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Michael Rafferty

Michael Rafferty

Doctoral researcher

Faculty or Centre Faculty of Humanities, Education and Social Sciences
Department Department of Geography and Spatial Planning
Postal Address Université du Luxembourg
Maison des Sciences Humaines
11, Porte des Sciences
L-4366 Esch-sur-Alzette
Campus Office MSH, E02 15-010
Telephone (+352) 46 66 44 9295
Fax (+352) 46 66 44 39295

Research Interests

  • Relational urbanisation and relational cities
  • Political economy of the city
  • Social theory
  • Housing
  • Infrastructure
  • Labour
  • Postcolonial geographies

Last updated on: Tuesday, 31 March 2020


  • 2010: BA Economics and Law, University of Leicester, UK.
  • 2016: MA Human Geography: Society, Space and Culture, Queen’s University, Belfast, UK.
  • 2018 - present: PhD-assistant to Prof. Markus Hesse, Dept. of Geography and Spatial Planning, University of Luxembourg.

Last updated on: 30 Mar 2020

Maintaining unsustainability: A relational-comparative assessment of rapid urban transformation in Dublin and Beirut

The nascent category of ‘relational cities’ or, better, relational urbanisation, has highlighted the specific features, qualities and problems of ‘small-but-global’ urban configurations experiencing rapid transformation towards positionality within a capitalist economic framework of material, human and capital flows. This project seeks to extend research on the ‘relational city’ beyond a subset of micro-states, city-states and regional financial hubs to take account of the problems in housing, infrastructure and labour in the major cities of 'small states’ which arise from rapid re-orientation of the city (and state’s) economy in an economic context of globalisation, financialisation and an industrial shift towards advanced services. A relational-comparative study using primarily qualitative methodologies considers the case studies of Dublin (Ireland) and Beirut (Lebanon). The study engages with institutional, civil society, economic and political actors to explore the complex governance paradigm and political geographies which underpin the particular form of ‘uneven development’ relevant to an increasing number of smaller, but internationalising, cities and produce the magnified problems in housing, transport, logistics, infrastructure and labour they encounter, and how these are contested, mitigated and maintained.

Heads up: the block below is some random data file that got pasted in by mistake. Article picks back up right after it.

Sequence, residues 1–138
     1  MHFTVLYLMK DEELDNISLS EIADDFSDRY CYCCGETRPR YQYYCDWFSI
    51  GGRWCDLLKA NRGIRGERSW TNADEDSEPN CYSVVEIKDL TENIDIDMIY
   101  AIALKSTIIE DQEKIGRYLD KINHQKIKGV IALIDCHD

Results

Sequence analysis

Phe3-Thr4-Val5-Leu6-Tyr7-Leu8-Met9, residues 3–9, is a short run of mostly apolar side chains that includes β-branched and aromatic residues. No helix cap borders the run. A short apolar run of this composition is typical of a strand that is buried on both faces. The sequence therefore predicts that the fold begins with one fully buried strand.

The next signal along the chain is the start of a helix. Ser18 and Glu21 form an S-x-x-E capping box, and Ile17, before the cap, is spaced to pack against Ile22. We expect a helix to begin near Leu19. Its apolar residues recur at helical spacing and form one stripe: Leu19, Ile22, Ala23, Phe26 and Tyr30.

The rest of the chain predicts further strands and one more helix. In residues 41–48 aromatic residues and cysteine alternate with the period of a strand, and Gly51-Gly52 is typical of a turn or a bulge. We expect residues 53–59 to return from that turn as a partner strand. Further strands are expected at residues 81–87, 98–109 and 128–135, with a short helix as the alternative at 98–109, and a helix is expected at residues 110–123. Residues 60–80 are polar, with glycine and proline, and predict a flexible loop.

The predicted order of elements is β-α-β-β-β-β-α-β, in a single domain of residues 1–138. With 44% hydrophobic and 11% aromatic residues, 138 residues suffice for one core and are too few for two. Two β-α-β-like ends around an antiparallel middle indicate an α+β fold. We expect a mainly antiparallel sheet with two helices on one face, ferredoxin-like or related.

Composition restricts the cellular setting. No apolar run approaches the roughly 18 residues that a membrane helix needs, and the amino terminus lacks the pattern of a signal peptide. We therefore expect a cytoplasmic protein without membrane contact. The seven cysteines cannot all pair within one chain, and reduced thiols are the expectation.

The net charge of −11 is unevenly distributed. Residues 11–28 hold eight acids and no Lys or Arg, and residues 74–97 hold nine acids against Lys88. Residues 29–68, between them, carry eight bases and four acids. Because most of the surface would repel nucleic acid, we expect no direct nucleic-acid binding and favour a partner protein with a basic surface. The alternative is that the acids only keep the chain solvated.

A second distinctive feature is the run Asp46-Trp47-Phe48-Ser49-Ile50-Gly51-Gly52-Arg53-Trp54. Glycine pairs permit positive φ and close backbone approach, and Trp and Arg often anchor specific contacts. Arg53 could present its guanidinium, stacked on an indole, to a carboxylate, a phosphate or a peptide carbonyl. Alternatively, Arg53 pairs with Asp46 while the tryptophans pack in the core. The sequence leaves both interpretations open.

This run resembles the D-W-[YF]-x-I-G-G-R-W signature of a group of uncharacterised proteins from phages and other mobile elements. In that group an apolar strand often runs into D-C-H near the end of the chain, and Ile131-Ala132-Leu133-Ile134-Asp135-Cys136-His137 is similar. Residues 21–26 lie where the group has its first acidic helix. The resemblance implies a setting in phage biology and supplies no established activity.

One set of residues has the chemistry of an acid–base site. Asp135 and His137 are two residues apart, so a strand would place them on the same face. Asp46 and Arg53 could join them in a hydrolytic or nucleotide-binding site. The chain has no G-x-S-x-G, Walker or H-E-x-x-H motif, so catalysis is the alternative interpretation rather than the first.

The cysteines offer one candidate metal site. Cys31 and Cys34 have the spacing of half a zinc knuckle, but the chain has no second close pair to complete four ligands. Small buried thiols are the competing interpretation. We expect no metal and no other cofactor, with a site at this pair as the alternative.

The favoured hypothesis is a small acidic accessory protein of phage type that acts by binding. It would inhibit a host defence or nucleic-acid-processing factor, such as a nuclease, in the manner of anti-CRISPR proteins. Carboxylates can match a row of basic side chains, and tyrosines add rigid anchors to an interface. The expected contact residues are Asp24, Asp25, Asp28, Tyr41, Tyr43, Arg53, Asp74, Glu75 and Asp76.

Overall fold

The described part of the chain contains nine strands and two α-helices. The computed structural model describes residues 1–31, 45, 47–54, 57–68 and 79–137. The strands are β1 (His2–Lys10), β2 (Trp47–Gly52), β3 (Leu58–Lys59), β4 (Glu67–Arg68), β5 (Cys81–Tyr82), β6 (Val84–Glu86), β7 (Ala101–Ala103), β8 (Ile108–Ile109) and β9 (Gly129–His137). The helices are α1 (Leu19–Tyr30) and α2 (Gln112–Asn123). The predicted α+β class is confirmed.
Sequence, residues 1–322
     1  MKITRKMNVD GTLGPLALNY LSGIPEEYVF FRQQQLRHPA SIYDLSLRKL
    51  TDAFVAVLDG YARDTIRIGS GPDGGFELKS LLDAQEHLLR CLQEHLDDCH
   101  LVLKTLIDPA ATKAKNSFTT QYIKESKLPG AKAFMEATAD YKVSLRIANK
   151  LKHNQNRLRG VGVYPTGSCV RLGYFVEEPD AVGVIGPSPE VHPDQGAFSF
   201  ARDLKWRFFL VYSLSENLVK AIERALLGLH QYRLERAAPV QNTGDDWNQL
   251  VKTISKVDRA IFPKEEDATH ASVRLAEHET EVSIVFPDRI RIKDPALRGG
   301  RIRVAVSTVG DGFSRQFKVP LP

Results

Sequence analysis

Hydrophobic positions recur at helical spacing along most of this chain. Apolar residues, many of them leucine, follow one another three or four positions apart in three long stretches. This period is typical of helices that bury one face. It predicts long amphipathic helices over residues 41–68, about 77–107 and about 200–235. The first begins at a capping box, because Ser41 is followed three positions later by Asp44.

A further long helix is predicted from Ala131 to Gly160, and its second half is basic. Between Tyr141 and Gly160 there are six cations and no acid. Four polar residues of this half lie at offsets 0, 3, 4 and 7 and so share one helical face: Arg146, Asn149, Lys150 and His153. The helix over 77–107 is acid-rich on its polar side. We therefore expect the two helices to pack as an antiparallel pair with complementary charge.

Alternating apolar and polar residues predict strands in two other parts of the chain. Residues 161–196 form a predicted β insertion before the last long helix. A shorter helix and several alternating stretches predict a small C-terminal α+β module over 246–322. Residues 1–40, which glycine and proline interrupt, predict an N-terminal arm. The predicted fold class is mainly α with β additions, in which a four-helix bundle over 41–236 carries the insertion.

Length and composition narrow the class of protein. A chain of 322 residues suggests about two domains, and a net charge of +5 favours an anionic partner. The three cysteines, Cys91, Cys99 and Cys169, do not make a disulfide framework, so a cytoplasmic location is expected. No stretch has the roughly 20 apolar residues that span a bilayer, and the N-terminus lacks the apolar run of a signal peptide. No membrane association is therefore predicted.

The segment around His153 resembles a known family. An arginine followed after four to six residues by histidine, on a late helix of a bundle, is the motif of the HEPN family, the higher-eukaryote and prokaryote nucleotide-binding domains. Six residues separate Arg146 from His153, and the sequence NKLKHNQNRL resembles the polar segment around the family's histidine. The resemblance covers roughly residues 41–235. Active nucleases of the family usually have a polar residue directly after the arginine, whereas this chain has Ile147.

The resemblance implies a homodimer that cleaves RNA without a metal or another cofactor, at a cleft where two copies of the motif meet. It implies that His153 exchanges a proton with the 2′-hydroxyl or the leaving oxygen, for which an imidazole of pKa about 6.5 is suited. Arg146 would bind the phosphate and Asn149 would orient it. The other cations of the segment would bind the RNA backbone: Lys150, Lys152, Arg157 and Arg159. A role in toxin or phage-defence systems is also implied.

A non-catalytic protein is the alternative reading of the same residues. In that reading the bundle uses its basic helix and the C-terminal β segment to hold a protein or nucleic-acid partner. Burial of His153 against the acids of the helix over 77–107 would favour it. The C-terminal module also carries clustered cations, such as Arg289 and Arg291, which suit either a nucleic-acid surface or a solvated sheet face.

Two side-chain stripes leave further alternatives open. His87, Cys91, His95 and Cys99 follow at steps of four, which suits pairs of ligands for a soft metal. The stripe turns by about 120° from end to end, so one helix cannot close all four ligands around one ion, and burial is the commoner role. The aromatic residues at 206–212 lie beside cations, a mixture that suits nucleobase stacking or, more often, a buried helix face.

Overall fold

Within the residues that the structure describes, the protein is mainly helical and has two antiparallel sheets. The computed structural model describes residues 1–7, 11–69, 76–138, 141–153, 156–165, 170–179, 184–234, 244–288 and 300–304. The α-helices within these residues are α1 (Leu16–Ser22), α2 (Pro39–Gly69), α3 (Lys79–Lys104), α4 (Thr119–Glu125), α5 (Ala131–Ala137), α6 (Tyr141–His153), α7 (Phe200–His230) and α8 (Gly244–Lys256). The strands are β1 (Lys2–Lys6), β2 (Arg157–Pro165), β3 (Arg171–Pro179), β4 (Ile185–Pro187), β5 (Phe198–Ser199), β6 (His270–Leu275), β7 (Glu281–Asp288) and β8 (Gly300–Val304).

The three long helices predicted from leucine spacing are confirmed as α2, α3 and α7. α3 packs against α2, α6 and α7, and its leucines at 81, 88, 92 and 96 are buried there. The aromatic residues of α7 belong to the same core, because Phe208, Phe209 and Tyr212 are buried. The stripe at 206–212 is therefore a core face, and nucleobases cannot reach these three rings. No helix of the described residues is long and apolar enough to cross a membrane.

Last updated on: 30 Mar 2020